Death + Popular Culture Death + Technology Death + the Web

TEDxBristol Talk by Death Ref’s own John Troyer

TEDx Speaker Q&A: Dr John Troyer, Centre for Death and Society, University of Bath
MSHED Bristol (Saturday, September 15, 2012)

A quick post about a TEDxBristol talk that I’m giving on Saturday, September 15 in Bristol. The TEDxBristol theme this year is Future Shock so I’m talking about Future Death * Future Dead Bodies * Future Cemeteries.

My talk could also be called A Brief Review of Hilarious Articles from the Death Reference Desk .

Many thanks to the TEDxBristol organizers for inviting me.

If the talk is uploaded to the interwebs then I’ll post it on the DRD.

Here is my Q&A for the TED organizers.

Where does your story begin?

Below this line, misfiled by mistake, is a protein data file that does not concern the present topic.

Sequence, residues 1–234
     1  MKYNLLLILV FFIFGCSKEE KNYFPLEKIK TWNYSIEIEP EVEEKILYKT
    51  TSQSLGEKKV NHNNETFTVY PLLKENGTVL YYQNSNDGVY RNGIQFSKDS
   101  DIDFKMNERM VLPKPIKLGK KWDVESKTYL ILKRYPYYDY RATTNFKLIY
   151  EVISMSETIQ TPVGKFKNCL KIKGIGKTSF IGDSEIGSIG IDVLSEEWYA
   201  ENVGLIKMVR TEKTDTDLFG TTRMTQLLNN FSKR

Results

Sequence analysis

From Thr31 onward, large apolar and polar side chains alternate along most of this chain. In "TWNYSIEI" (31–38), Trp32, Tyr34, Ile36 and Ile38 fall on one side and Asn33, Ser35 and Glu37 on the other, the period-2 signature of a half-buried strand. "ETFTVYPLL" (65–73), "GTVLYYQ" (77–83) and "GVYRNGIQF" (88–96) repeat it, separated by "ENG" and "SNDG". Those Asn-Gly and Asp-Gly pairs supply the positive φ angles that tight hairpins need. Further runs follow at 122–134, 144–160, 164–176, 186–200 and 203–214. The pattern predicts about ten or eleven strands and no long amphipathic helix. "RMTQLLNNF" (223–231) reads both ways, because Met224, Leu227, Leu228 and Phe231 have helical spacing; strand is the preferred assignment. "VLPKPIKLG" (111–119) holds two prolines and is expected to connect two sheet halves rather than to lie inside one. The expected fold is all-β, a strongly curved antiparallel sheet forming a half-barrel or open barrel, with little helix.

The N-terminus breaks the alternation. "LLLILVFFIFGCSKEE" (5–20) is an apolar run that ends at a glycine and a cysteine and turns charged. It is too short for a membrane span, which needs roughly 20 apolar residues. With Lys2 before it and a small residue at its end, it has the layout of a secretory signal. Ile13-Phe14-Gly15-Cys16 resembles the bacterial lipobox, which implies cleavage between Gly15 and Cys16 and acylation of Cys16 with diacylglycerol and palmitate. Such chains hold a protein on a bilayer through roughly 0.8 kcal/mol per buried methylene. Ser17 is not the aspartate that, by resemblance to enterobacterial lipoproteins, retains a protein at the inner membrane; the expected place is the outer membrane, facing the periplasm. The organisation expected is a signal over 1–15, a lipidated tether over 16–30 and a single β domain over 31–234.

My story begins in a small town in western Wisconsin. Hudson, Wisconsin. Not much else to say really.


Tell us two quirky things about yourself

My father is funeral director. And even though I’m a person with tattoos, most people would not see me as a tattooed person.


Why did you want to be involved in TEDxBristol?

When TED asks you for a favour, you never say no.


What will you be talking about at TEDxBristol?

Future technologies that will impact death, the dead body, and cemeteries. But my talk is also about how these technologies represent the shock of the old, and are not entirely new.


What would you like people to take away from your talk?

I want people to answer two questions: What do you want done with your body when you die? And, have you explained these wishes to your next-of-kin?


What is your favourite TED talk and why?

Jae Rhim Lee’s Mushroom Burial Suit. Contemporary dead body disposal is entirely about pursuing innovations in human decomposition. Indeed, understanding the dead human body as organic biomass is the future of final disposition technologies.

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